It's not all about state-level decision-making though; there are also opportunities for smaller, more innovative companies that have been locked out of the more costly and technologically advanced traditional plants. The emergence of both private investors and smaller companies in the space offers a step change from the traditional route of government-led and funded research, development and implementation, and offers an opportunity for new methods and approaches.

One such smaller, more innovative company is Lightbridge, which has developed new metallic fuel rods that it believes are significantly more economical and safer than traditional fuel. "We have less time than the length of a typical mortgage to change the world‘s energy mix," says Seth Grae, president and CEO of Lightbridge. "Renewables most likely will generate only a small portion of the clean energy the world will need by 2050."

For Grae, there are arguably too many SMR technologies in development, which risks spreading expertise too thin: "After all, Apollo didn't happen because of a hundred private sector players pursuing different options," he adds. The world needs to get behind the most reliable and cost-effective methods. This would better enable what to scale up more quickly and provide the consistent baseload that helps offset the intermittent nature of renewables.

It’s not all about state-level decision-making when it comes to SMR technologies; there are opportunities for smaller, more innovative companies


of the world's total energy consumption comes from nuclear energy  


Challenges remain, namely regulation 

Regulation has always been a challenge in nuclear plant development, and that's likely to remain the case for SMRs. Issues include factors such as certification of design, construction license and operation license costs, which are hurdles that are likely here to stay.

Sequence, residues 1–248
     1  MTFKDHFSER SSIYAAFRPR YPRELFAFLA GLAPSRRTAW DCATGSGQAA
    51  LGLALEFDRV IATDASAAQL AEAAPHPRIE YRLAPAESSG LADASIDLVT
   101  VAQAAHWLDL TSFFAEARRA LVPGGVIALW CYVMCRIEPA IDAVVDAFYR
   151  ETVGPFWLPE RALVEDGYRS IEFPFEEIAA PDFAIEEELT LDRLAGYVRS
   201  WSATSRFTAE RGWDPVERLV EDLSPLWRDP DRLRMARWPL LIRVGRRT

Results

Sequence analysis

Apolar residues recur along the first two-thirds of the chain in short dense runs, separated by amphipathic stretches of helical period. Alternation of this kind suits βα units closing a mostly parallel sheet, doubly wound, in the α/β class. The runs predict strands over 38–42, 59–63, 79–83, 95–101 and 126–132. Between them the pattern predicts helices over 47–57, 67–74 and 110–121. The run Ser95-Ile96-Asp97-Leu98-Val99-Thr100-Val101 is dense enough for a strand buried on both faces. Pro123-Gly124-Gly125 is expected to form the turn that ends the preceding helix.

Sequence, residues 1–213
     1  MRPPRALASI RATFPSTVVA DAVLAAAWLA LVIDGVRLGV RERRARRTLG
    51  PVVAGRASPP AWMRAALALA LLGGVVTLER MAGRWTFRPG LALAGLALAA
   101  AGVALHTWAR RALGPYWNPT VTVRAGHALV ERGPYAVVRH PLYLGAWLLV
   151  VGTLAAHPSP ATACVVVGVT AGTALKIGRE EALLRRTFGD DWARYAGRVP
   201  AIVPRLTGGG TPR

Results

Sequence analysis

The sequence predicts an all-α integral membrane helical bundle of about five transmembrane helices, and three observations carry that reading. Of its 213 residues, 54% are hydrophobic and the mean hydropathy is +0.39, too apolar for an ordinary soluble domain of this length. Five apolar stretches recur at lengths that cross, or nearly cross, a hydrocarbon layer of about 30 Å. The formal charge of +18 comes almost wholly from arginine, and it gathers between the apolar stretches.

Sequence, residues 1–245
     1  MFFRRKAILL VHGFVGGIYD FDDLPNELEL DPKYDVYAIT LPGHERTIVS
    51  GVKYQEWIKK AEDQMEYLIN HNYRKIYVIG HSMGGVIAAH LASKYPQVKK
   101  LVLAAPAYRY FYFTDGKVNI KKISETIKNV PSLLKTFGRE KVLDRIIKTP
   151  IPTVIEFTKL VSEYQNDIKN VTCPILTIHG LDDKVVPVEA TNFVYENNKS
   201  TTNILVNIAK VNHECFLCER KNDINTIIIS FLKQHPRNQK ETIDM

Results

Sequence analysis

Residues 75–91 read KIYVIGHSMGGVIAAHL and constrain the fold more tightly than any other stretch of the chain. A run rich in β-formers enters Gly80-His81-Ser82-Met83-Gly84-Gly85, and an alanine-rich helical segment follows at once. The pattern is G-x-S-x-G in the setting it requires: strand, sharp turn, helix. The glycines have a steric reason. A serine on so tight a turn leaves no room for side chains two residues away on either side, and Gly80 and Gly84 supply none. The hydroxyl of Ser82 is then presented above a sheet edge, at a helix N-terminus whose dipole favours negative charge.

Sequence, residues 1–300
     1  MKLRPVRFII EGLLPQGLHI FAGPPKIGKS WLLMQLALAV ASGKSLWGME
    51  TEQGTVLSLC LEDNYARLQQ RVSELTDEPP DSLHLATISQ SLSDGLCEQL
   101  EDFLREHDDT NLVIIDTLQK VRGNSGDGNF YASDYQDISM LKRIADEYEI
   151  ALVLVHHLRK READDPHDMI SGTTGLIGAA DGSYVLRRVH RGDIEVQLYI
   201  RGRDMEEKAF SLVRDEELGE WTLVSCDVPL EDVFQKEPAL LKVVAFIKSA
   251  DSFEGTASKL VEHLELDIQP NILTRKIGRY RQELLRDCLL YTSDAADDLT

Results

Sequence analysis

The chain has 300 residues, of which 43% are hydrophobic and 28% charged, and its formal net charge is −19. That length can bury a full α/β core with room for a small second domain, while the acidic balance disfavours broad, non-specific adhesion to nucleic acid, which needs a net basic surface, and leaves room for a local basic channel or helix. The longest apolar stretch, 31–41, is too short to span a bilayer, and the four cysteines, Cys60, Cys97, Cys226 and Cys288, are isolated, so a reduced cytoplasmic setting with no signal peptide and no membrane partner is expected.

Licensing risk has long been a difficult and controversial issue in nuclear power, and has attracted significant attention from policy makers, the public and environmentalists. The proliferation of nuclear plants envisaged by the widespread rollout of SMRs will be unlikely to avoid this scrutiny. Given the required oversight at all levels of development, the prospect of delays, cost overruns and disputes remains, particularly in the initial rollout of new technologies.

The industry must also overcome many of the perceptions from previous generations of nuclear power; that the projects are too costly and complex, especially when compared to both traditional fossil-fuel power generation and the breakneck rollout of renewables. The issue of waste is also pertinent to the conversation. NuScale says that because SMRs contain less radioactive material and can be located below ground, their risks are lower; however, this has received criticism from some experts.

As of yet, there is no guarantee that SMR producers will not face the same obstacles that have plagued developers of traditional nuclear power. There also exists the challenge of convincing industrial users—a customer that seems well suited for the SMR offering—that it can compete with low-cost natural gas or proven renewables such as wind and solar. And the nature of SMRs mean they will have to be built close to the communities they serve, raising new challenges for public engagement.

The rollout of a new generation of nuclear power will inevitably lead to legal and commercial disputes. The intense scrutiny, from policy-makers and the public—given the safety and security angle combined with a nascent technology—will likely cause delays and conflicts. So will jockeying for position in a potentially more competitive nuclear industry marketplace. With first-of-a-kind designs, and potentially new and less experienced players in the market, comes increased risk of regulatory issues, delays, cost overruns and disputes. Understanding the nuclear regulatory framework and the nature of risks that commonly arise concerning nuclear projects will be key to navigating these issues and minimizing their impact.


Unlocking the SMR's full potential

The SMR has widespread political support. The technology's offering is compelling: carbon-free power that's reliable, safe, more affordable and can be built and deployed without the significant costs and complexity of traditional nuclear power. 

In a world where almost every investment decision will now be measured against its climate impact and whether it is compatible with the Paris climate goals, the SMR offers a solution without many of the drawbacks that have hobbled its larger predecessors. 

Yet, as with all new technologies, there are challenges to overcome and, as is always the case with nuclear power, these can be costly and protracted. The champions of the SMR will have to work with all stakeholders, from governments and investors to the wider public, to ensure its potential can be fully unlocked.